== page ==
Bartra gets green light for high-rise office scheme in Dublin
Permission granted for 10-storey development at Boston Sidings site
Richard Barrett, founder of Bartra, who is developing the site in Dublin’s docklands
Developer Richard Barrett’s company Bartra has secured the green light for a new 200,000 sq ft high-rise office scheme at the Boston Sidings site in Dublin’s docklands.
Dublin City Council has granted planning permission for the 10-storey development in Dublin’s Silicon Docks in spite of a number of objections.
Bartra is developing the site at Grand Canal Quay and Macken Street in Dublin 2 in conjunction with site owner CIÉ.
The council gave the development the go-ahead after concluding it “will upgrade one of the most prominent locations in the city, contribute to the animation of the area and will allow for the construction of a striking and innovative contemporary/modern office building in an inner city location proximate to public transport and other amenities”.
The council said “the proposal exhibits a distinctive contemporary design which will make a positive contribution to the subject site and Dublin’s urban fabric”.
The council’s report also found that given the poor condition of the existing under-utilised subject site, “the development of the proposed large scale office scheme is a significant upgrading of the subject site and is unlikely to have a detrimental visual impact”.
The council also concluded that the proposed development “would not seriously injure existing buildings or the surrounding location”.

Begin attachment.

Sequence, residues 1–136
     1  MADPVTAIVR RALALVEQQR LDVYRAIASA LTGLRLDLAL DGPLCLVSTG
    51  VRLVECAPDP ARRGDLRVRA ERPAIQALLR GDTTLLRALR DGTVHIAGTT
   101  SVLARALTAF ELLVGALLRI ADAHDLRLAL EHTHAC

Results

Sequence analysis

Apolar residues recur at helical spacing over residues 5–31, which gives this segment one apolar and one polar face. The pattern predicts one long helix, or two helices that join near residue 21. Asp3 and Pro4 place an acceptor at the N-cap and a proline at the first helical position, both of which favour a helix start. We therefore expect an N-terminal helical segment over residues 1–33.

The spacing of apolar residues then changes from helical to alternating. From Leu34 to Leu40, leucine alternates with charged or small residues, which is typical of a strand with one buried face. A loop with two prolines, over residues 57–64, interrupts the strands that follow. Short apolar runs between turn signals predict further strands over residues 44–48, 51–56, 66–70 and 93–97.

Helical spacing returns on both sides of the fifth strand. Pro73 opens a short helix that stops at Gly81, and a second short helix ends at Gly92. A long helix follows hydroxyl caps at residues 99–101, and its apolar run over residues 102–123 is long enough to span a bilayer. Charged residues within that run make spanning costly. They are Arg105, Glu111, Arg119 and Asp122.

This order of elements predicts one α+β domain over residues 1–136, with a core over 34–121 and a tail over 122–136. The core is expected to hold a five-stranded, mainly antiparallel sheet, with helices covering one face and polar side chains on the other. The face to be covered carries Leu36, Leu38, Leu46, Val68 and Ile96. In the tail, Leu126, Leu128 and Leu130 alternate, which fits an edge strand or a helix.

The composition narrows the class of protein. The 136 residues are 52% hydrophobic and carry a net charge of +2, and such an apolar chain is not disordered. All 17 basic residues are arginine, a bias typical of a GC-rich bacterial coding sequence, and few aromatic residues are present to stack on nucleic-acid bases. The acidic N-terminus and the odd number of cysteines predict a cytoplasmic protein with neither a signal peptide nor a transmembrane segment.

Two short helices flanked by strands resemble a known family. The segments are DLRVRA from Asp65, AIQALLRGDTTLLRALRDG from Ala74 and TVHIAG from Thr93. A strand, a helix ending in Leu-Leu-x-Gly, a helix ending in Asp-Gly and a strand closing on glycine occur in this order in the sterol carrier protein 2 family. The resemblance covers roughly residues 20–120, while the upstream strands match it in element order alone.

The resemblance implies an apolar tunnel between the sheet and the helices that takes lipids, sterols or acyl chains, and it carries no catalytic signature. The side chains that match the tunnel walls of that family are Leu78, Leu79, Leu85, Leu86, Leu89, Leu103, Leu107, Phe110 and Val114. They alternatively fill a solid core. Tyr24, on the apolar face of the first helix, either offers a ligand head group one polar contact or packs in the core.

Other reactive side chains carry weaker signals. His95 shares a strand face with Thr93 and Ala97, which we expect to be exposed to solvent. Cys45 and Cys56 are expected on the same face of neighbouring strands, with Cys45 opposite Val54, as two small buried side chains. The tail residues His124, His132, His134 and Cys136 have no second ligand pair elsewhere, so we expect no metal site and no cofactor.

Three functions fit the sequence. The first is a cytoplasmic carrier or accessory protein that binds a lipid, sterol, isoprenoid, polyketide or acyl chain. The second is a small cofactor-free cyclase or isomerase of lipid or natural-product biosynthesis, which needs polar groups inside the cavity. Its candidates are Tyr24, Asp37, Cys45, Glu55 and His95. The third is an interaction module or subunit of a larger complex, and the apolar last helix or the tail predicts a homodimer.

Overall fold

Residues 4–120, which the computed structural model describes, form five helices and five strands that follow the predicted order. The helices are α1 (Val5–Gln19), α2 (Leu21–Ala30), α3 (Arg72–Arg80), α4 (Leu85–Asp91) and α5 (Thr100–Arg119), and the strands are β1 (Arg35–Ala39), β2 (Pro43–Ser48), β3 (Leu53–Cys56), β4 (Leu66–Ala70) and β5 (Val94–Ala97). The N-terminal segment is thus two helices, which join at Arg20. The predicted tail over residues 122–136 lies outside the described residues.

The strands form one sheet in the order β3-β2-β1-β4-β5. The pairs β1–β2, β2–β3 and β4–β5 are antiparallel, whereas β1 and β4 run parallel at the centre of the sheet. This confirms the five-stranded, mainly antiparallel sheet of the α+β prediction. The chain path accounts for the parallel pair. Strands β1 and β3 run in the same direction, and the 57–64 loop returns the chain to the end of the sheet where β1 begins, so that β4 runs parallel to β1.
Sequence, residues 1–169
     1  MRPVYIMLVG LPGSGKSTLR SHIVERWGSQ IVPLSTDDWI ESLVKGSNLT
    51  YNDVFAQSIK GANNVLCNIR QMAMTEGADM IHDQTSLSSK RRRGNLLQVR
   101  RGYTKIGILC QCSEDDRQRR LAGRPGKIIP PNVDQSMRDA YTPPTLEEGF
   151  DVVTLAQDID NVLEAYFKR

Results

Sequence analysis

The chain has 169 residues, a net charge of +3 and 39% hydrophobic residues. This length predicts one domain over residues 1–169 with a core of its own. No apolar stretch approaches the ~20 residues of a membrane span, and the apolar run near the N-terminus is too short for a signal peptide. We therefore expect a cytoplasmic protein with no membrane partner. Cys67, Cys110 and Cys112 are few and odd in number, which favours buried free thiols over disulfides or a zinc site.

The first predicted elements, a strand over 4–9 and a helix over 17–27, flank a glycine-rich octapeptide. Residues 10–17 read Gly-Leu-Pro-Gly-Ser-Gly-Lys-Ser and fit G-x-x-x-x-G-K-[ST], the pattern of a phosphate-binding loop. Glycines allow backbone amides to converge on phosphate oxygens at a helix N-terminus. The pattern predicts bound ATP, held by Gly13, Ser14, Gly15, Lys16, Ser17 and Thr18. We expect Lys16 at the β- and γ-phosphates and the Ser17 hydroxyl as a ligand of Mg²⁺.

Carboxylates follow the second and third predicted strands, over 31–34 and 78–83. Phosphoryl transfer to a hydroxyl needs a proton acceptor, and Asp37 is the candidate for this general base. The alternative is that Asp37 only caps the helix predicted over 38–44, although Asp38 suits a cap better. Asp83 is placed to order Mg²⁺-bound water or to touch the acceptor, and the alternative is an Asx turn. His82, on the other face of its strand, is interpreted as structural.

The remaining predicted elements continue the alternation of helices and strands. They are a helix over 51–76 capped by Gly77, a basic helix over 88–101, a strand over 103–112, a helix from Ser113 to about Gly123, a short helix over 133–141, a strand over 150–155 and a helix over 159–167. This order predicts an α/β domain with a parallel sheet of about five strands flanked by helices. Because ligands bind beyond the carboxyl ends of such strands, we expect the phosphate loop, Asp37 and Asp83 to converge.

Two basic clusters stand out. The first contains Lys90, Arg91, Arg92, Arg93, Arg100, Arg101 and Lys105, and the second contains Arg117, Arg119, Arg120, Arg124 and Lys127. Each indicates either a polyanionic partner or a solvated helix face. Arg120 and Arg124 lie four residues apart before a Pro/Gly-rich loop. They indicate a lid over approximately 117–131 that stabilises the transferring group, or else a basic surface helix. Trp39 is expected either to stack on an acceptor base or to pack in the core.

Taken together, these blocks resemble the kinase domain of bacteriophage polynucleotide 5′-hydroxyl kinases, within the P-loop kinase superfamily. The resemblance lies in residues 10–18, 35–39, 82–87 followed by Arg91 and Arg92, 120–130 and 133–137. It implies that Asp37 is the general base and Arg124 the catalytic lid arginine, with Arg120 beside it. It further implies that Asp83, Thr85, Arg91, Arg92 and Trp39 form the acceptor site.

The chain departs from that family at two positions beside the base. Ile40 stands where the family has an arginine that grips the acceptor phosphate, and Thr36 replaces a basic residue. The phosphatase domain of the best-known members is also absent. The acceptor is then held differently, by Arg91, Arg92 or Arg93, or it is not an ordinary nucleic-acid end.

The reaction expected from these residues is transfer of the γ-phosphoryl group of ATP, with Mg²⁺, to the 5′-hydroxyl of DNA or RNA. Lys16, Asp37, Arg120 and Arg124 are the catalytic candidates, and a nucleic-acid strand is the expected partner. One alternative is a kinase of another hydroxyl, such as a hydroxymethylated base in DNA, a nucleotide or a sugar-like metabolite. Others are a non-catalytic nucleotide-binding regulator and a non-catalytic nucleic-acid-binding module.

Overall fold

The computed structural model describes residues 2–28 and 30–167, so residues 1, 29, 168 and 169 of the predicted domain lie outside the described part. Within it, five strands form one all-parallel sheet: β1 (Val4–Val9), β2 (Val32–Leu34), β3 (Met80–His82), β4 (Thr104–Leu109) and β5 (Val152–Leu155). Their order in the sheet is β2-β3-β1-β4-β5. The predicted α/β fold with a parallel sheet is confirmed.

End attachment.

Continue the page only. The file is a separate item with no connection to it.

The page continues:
One of the 17 conditions attached to the permission require Bartra to pay the Council €1.49 million in development contributions.
One of those to object to the planning application was Clanwilliam Management CLG which owns property to the southeast of the application site.
Consultants stated that Clanwilliam has serious concerns over the impact of the scale, mass and bulk of the proposed building on the existing amenities of the area.
The submission was one of more than 15 objections lodged and the consultants state that the proposed development could have an impact on the future development potential of adjoining sites as the proposed scheme represents a dominant structure at 10 storeys over basement “which is in stark contrast to the adjoining buildings which are mostly small, two-storey structures”.
The objection stated: “As it currently stands, the design and height of the proposed structure would have a significant impact on the existing skyline as it currently dominates an environment which is sensitive to large scale and tall buildings.”